HYLB - Xtrackers USD High Yield Corporate Bond ETF

NYSEArca - NYSEArca Delayed Price. Currency in USD
49.81
+0.09 (+0.18%)
At close: 4:00PM EST
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Previous Close49.72
Open0.00
Bid0.00 x 1200
Ask0.00 x 3100
Day's Range0.00 - 0.00
52 Week Range
Volume0
Avg. Volume780,212
Net Assets3.95B
NAV49.85
PE Ratio (TTM)N/A
Yield5.86%
YTD Daily Total Return12.36%
Beta (3Y Monthly)0.00
Expense Ratio (net)0.15%
Inception Date2016-12-06
  • Junk bonds: the on-again, off-again love affair cools again for ETF investors
    MarketWatch

    Junk bonds: the on-again, off-again love affair cools again for ETF investors

    Inflows largely track the trajectory of interest rates: when rates fall, investors have more incentive to hunt for yield.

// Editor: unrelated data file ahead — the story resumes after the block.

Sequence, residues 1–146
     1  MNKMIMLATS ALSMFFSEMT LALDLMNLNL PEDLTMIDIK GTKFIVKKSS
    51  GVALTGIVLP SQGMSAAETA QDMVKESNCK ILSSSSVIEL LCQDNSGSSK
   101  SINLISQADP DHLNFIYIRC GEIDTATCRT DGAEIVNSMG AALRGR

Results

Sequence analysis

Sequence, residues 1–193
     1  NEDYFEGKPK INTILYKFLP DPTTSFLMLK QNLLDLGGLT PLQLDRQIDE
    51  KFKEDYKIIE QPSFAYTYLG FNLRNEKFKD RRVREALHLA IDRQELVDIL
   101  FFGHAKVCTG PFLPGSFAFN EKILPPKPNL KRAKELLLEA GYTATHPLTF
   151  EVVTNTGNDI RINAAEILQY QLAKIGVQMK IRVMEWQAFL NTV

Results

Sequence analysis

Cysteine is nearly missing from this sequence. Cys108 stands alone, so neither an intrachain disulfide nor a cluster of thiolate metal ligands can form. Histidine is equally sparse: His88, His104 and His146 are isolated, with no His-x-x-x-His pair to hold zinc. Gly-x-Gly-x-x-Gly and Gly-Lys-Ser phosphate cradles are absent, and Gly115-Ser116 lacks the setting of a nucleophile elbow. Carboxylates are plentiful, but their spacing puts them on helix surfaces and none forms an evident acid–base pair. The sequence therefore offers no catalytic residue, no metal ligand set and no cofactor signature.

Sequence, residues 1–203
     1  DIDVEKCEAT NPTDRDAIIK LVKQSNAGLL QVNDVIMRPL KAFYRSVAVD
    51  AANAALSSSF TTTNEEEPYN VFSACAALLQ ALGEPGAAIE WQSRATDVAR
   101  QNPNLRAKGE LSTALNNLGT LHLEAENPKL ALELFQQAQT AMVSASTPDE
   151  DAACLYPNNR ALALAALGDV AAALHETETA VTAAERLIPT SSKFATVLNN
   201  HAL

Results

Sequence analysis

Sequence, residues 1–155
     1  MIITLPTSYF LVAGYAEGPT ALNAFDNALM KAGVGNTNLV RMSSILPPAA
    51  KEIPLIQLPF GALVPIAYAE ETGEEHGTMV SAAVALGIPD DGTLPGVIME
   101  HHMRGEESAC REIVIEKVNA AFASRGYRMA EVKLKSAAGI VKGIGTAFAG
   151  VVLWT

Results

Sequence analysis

• Business Wire

    DWS Group Adds 15 Xtrackers ETFs to TD Ameritrade ETF Market Center Commission-Free Menu

    DWS Group today announced that 15 of its Xtrackers exchange-traded funds (ETFs) will be available commission-free on TD Ameritrade’s ETF Market Center, including the high-yield and China A-share suites on June 3, 2019. “We are pleased to be able to provide our Xtrackers ETFs to TD Ameritrade clients,” said Fiona Bassett, Global Co-Head of Passive Asset Management and Global Co-Head of Product. “As a global asset manager, we are looking to provide investment advisors and individual investors with access to new markets and sectors in a cost-efficient and transparent way.

  • 5 of the Best Retirement ETFs for Your IRA
    InvestorPlace

    5 of the Best Retirement ETFs for Your IRA